Underground UF Wiring Gauge Selection

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Chuck B

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I will be running a new 20-amp circuit to a currently unwired shed some 75' away from its departure from my cottage. Is it detrimental or advisable on the 20-amp circuit to use 10-2 gauge UF to combat resistance on a long run?

I also intend to run a 3-wire back to a spotlight 3-way switch inside the cottage. Using the same logic would that likewise be a 10-3 wire?

Would it then be acceptable to connect the 10-2 feeder wire once inside the shed for receptacles, light switches and the floodlight to 12-2 and 12-3 gauge wire? I am just a bit uncertain doing that but it appears safe to me. It would be easier to work with when wiring switches, (flood)lights and receptacles of course.

I would encase all UF wire in "grey plastic conduit" when entering the ground for burial at the cottage and shed. Not sure of correct depths since I do not wish to encase the UF throughout the trench. Is it 12, 18 or 24" depth until it reaches the plastic conduit if it is not encased? I will be coordinating UF wire burial into a newly trenched septic line trench to eliminate trenching on my own. Is there any problem sharing the space and locating the UF wire next to a septic line run? Could I plastic tie the two UF lines together before burial?

I will install a 20-amp GFCI breaker in the main panel to power it all.

Thanks.
 

Stuff

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If you are using a gfci breaker then you are good for 12" burial. Nothing should prevent you from sharing a trench. Plastic ties OK just don't cinch too tight.

10 gauge is fine but probably not needed even for lights. What kind of loads are you looking to support in the shed?

Note you could use a MWBC feeding the shed - double pole breaker and 12/3 cable. Then split at shed to use as two circuits.
 

WorthFlorida

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Your efforts may be better with a sub panel in the shed. You can run a 10-3 off of a 30 amp breaker at the cottage to the shed. Then at the shed run separate circuits for your needs. It will allow easy access to reset any breaker or easily switch a circuit off for maintenance. If you're only installing a few lights and outlets for convenience, you'll be OK. Use GFCI at the outlets since they can trip quite easily if your working on damp ground and be reset right there. As far as a three way switch, this remote switch may be easier to install since it will not require a three way switch and wiring between the cottage and house. It works with the remote it comes with and works with a your Chamberlian/Sears/Liftmaster garage door opener remotes. I use this to remotely turn on my pool light from inside the house when the light switch was on the outside. If you install a flood light at the shed, then with the remote you can turn it on from the cottage or from your car or truck remote. It can also be turned on and off at the receiver (switch) end.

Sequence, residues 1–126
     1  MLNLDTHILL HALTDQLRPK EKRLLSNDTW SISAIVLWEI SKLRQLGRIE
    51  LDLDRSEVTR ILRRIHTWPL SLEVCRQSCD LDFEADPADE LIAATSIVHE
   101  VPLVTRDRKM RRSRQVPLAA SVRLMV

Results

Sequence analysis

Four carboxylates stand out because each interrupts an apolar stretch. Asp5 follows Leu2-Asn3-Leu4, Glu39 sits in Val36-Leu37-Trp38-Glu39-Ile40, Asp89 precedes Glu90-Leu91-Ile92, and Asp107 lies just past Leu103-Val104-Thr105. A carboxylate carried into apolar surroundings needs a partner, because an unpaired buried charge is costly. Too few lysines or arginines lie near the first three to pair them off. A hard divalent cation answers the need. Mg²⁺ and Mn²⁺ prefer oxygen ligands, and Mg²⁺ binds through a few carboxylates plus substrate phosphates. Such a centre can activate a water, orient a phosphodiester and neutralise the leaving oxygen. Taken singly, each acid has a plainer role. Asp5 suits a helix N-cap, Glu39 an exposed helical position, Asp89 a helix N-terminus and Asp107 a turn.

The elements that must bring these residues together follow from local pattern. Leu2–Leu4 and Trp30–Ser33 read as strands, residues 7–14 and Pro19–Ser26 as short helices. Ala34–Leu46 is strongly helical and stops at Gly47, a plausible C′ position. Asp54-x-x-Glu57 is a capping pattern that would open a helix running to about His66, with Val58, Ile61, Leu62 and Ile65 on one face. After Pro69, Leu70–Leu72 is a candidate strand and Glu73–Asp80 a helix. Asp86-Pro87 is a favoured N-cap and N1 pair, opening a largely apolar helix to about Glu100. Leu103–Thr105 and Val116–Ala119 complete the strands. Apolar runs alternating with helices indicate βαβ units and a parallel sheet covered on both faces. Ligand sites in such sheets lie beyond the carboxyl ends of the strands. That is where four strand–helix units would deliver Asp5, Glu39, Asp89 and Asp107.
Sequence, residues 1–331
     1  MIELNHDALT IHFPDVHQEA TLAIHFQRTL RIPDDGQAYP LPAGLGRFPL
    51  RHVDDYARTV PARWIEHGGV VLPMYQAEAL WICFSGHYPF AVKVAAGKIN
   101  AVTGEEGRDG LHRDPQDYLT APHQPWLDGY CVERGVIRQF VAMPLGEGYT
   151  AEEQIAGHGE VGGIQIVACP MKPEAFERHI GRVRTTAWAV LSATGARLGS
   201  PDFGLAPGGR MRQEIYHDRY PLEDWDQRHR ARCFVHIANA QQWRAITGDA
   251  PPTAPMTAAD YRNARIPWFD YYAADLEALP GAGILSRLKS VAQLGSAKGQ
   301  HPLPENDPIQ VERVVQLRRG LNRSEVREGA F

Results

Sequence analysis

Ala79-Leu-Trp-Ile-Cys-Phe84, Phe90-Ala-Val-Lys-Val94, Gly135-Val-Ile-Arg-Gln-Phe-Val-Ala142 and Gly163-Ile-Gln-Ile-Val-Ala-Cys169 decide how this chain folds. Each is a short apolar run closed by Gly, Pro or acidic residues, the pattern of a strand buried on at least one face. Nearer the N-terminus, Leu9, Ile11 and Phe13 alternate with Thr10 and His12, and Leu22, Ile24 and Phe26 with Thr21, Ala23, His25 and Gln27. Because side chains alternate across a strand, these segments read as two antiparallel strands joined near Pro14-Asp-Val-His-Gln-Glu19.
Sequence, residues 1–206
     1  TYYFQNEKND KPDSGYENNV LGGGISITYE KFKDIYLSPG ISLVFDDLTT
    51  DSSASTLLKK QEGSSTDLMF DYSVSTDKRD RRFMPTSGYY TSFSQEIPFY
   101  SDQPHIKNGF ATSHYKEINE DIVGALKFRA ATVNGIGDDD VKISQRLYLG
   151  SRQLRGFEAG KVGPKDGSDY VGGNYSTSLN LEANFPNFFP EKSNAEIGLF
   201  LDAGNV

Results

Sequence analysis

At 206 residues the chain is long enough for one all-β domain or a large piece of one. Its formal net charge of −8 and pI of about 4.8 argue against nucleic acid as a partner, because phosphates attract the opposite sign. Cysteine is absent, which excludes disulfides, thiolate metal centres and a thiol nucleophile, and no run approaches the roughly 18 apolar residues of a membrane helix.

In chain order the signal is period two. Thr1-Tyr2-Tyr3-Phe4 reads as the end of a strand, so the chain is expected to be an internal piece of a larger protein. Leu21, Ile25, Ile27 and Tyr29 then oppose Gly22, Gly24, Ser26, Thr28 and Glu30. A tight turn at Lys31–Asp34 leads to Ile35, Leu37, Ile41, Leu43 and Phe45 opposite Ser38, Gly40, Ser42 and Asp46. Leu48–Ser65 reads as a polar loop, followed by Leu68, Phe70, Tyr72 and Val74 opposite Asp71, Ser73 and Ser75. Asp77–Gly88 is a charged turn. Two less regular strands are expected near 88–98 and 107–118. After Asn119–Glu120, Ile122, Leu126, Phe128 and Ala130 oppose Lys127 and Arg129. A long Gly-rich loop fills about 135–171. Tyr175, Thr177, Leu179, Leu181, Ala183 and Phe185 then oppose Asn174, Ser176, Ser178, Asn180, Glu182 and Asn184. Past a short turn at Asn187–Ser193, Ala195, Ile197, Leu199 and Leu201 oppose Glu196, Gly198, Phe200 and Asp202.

http://www.midlandhardware.com/180793.html?gclid=CIO58IfSptICFUMdgQodbygDsQ

UF is designed for direct ground contact. Use Schedule 80 to protect the cable to 24-36 inches below grade and up to the entrance of the cottage. Same at the other end. You'll need to check your local codes since this will vary around the country. It may have to be below your frost line.
 

Chuck B

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If you are using a gfci breaker then you are good for 12" burial. Nothing should prevent you from sharing a trench. Plastic ties OK just don't cinch too tight.

10 gauge is fine but probably not needed even for lights. What kind of loads are you looking to support in the shed?

Note you could use a MWBC feeding the shed - double pole breaker and 12/3 cable. Then split at shed to use as two circuits.

Thanks. Load is small undercounter fridge, two led lights, a LED flood and several receptacles for power tools such as my Bosch portable table saw, drill, etc. Would only be using one power tool at a time.

The only reason I considered a 10 gauge wire is for current leakage over a 75 foot run. I'm now wondering whether the small fridge and a tablesaw might trip the 20 amp GFCI breaker.
 

Reach4

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Bigger wire will not help leakage.

It will help voltage drop. 10 AWG would be a good idea if you really will run 20 amps. The MWBC Stuff suggested will actually reduce the voltage drop usually.
 

WorthFlorida

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.... I'm now wondering whether the small fridge and a tablesaw might trip the 20 amp GFCI breaker.

GFCI will not trip due to load. The GFCI will “sense” the difference in the amount of electricity flowing into the circuit to that flowing out, even in amounts of current as small as 4 or 5 milliamps. For the table saw, if it is one of those light weight direct drive units a 15 amp circuit will work. If it is a heavy old fashion table saw with a drive belt, check the ratings plate. This one reason why I suggested a sub panel. If you're tripping a breaker it would be very easy to add another circuit.
 
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